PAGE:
Sunderland AFC

Sunderland AFC

Stadium Information

Stadium

Stadium of Light

Address

The Stadium of Light
Sunderland
SR5 1SU

Club / stadium contact for disabled supporters

Name

Maureen Johnson

Telephone no.

0871 911 1255

E-mail address

Website address

Disabled Supporters Association

Contact Name

Freda Oyston

Telephone no.

0191 384 7835

E-mail address

Website address

 

 

Accessibility Information

For UK minimum access standards for new and existing stadia and for good practice guidance please click here.

 

Getting There & Parking

 

Disabled parking for 160 home and 5 or 6 away supporters within stadium grounds and close to stadium  entrances.  Some spaces are available on a match by match basis. 80 spaces have wide access.

 

National Rail have published links to the nearest stations to sporting venues including Sunderland see here for more information.

 

Level Playing Field have not verified the information given and we suggest that you contact the station direct if you have any access requirements.

Getting a Ticket

 

Information on ticketing can be found on the Sunderland AFC website.

 

Tickets for disabled and & blind and partially sighted supporters can be purchased by contacting SAFC Ticket Office on  0871 911 1973 or disability@safc.com

Spectator Viewing areas

 

Home supporters have 154 spaces for wheelchair users available to them. 6 spaces for wheelchair users can be found in the away section for away supporters. All in elevated positions. The Away area is in the Strongbow Upper Stand with PA’s elevated behind. Pitchside positions give partial cover. Unlimited places for ambulant disabled supporters in designated corner areas of stadium.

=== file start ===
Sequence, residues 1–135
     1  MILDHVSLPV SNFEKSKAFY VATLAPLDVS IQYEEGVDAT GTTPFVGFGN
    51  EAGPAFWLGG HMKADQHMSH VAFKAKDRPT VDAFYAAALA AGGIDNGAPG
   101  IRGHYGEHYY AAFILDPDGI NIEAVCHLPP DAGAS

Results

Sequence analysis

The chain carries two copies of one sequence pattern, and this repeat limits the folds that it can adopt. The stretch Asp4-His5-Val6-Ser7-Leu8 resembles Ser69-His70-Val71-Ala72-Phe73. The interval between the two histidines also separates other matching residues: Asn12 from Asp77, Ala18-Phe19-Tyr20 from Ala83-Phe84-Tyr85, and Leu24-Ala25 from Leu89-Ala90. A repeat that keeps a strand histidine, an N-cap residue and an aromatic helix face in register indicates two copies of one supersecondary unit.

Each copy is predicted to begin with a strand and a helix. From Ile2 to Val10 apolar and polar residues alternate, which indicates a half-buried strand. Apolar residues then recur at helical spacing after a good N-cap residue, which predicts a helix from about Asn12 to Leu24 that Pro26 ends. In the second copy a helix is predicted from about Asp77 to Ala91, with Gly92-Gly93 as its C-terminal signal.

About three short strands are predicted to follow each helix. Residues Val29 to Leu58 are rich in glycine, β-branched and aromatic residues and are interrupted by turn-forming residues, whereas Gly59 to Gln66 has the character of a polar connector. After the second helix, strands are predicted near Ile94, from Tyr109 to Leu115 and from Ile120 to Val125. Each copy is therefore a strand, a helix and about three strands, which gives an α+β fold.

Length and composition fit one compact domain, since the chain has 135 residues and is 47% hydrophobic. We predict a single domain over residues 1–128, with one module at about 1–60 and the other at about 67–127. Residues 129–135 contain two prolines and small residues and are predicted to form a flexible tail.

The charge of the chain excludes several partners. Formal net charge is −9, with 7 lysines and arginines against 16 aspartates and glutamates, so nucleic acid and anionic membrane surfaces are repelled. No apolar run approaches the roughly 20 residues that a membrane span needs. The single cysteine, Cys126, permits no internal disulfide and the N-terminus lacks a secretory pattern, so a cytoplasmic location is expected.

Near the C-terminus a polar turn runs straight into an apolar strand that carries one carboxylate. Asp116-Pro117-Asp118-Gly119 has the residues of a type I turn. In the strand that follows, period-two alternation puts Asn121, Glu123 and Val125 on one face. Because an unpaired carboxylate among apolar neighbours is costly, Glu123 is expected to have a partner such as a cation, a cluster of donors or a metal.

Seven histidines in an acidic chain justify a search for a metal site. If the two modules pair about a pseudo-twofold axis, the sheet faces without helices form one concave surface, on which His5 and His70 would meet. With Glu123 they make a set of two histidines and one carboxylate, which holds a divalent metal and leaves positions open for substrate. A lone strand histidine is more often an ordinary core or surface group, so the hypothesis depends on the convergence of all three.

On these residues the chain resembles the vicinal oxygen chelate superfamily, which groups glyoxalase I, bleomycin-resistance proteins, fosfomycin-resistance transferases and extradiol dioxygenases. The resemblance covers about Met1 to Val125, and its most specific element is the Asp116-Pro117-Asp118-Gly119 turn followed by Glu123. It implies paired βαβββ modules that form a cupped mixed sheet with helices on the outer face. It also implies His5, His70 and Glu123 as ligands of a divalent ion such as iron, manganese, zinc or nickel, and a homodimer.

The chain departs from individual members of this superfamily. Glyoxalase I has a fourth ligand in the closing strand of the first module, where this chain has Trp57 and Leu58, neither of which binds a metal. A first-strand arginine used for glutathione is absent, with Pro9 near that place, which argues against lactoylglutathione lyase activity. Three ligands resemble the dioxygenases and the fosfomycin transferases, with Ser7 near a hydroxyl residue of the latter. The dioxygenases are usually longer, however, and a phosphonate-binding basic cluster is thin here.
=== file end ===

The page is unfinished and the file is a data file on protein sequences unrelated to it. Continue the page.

NB: Under existing minimum standards for accessible stadia, the club should have 228 wheelchair spaces (194 home and up to 34 away). 75% of these should be elevated positions and the remaining 25% pitchside.

 

LPF's view is that many disabled supporters should be able to access general seating areas and only those with specific needs eg those who require extra legroom, or access via aisle seats or who need step free access etc should be allocated seats in the dedicated areas.

 

Based on the above, the club therefore only meets 70% of the guidance and has a shortfall of 68 wheelchair spaces. They should be working on a plan to rectify this deficit within a reasonable timeframe under the auspices of a full independent Access Audit.

Accessible amenities

 

23 accessible toilets, some on concourse directly behind platforms. 3 toilets next to lifts by South West corner ramp for use by wheelchair users at pitchside. Radar locks, alarms and warning lights are in operation. Refreshment facilities are available on concourse level, with low-level counters. Tray service is also available. Pitchside positions offer limited access to catering facilities at the mid-tier levels.

Accessible services & information

 

40 spaces for audio commentary located in in South West corner, all elevated and covered positions with PA seats alongside. 24 headsets provided free of charge allowing fans to listen to local radio commentary.

 

Updated July 2014

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Comments

J&J

Match: League Cup Round 2 - 27/08/13

Published: 6/9/2013

 

This was our first visit to the Stadium of Light as away wheelchair fans.

 

Access to the Ground